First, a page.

• A Pi V2 camera, which offers high-speed, high-sensitivity images, is used to identify automobile plates.
  • A LED strip is used in the physical system of the SPIN-V to indicate to the driver the status of the parking space. Within the secondary elements of the SPIN-V is the battery that is the power source for the Raspberry Pi.
  • A buzzer is an electroacoustic transducer that produces a continuous sound or buzzing of the same tone (usually acute) and it serves as a signaling or warning mechanism.
  • A battery electrochemical cell that transforms chemical energy into electricity powers all the components.
The connection diagram of the components of the SPIN-V is shown in Figure 13.

4.3.2. Design of the Vision and Proximity System for the IoT Sensor SPIN-V

Vision systems are based on digital sensors within industrial cameras with optics specialized in acquiring images, so that hardware and software can process, analyze, and measure different characteristics to make decisions.
The Pi V2 camera is capable of performing automatic control functions with high-performance OmniBSI technology (high sensitivity, low cross talk, and low noise). As mentioned above, it is used to take the license plates of the car, when the presence of a car is detected in the parking space.
To define the best position and orientation of the Pi camera, it is necessary to take into account the following concepts in order to get the best the field of view of the camera. The fundamental parameters for the imaging system are as follows [12]:
  • Field of Vision (FOV) is the visible area of an object.
  • Working Distance (WD) is the distance from the front of the lenses to the object.
  • Resolution is the minimum size of the characteristic of the object.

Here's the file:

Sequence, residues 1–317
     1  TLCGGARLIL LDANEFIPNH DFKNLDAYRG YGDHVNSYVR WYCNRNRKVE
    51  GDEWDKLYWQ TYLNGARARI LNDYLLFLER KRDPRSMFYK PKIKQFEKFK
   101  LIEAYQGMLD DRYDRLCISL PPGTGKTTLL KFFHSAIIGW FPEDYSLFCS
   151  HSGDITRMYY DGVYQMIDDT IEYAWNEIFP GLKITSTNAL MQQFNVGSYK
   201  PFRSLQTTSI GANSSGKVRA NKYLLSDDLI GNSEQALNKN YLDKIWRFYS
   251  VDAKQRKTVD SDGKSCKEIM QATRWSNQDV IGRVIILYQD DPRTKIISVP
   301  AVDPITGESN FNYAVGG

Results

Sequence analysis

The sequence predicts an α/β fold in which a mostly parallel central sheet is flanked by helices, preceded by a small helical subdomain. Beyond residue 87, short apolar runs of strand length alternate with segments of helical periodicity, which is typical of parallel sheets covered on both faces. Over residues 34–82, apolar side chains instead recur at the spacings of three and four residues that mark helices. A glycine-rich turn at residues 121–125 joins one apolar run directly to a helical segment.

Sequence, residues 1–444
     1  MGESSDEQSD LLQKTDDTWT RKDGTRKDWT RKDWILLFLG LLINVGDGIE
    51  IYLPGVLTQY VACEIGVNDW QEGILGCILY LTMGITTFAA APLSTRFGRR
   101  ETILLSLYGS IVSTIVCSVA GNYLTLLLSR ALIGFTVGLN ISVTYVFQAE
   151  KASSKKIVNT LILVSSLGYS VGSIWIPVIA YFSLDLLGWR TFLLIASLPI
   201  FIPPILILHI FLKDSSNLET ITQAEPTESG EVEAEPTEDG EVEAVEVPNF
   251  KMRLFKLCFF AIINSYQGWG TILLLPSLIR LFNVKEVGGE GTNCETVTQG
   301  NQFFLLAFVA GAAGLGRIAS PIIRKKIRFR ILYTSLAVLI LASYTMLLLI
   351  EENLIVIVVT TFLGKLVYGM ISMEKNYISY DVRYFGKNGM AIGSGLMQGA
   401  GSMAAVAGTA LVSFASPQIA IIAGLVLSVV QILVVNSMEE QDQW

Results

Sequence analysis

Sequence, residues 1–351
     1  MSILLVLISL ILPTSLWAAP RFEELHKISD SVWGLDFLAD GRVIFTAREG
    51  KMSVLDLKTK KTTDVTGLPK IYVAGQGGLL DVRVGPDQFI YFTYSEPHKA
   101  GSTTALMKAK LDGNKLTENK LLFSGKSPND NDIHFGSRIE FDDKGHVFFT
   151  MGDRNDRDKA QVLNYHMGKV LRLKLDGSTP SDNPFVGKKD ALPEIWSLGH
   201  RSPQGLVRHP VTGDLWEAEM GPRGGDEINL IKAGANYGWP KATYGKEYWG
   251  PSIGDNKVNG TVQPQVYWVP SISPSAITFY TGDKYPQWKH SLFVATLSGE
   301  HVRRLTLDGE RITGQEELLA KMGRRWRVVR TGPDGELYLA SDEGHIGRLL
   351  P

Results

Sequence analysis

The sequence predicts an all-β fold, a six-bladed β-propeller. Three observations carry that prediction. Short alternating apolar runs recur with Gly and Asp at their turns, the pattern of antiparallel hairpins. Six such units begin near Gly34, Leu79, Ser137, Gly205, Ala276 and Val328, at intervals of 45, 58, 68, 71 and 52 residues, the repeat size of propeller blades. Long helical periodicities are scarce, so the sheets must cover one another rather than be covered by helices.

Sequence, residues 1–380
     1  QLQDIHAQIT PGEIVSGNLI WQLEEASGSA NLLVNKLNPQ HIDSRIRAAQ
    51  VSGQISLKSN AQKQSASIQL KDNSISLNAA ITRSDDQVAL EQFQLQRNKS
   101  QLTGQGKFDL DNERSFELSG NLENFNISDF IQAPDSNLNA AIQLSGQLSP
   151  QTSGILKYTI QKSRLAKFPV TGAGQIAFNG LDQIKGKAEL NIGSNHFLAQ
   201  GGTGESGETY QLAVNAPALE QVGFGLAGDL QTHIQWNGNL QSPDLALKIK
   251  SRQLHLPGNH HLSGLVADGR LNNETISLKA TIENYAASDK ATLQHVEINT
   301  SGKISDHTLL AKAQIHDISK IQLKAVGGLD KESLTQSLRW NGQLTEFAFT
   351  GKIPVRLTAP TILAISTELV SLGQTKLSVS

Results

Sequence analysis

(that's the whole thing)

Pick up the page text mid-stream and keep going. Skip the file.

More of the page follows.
• Depth of Field (PC) is the maximum depth of the object that can be kept fully focused.
  • Sensor Size is the size of the area of a camera sensor, normally specified in the horizontal dimension.
To obtain the field of view of the camera, it is necessary to define the designed parameter of the working distance WD = 1 m and perform calculations based on the following specifications of the Pi v2 camera:
  • Vertical field of view vAFOV = 48.8 ° .
  • Horizontal field of view hAFOV = 62.2 ° .
  • Camera resolution: 3280 × 2464 px.
The angular field of view (AFOV) is defined in degrees. The calculations of the image field of vision using the vAFOV of the Pi camera (Figure 14) are as follows:
tan ( 0.5 ( vAFOV ) ) = 0.5 vFOV WD
Clearing vFOV and replacing the premises, we have
vFOV = 100 0.5 tan ( 0.5 ( 48.8 ° ) ) = 90.7 cm
Now, we do the same thing using the hAFOV and obtain
hFOV = 100 0.5 tan ( 0.5 ( 62.2 ° ) ) = 120.6 cm
Calculating the resolution in pixels per meter (PPM), we have
hPPM = hPixeles hFOV = 3280 px 1.206 m 2719 px / m
vPPM = vPixeles vFOV = 2464 px 0.907 m 2716 px / m
To know the ideal location of the ultrasonic sensor, the field of vision calculations were carried out in the same way as in Equation (1) to Equation (5) considering the sensor specifications:
  • Vertical field of view vAFOV S D = 15 ° .
  • Horizontal field of view hAFOV S D = 15 ° .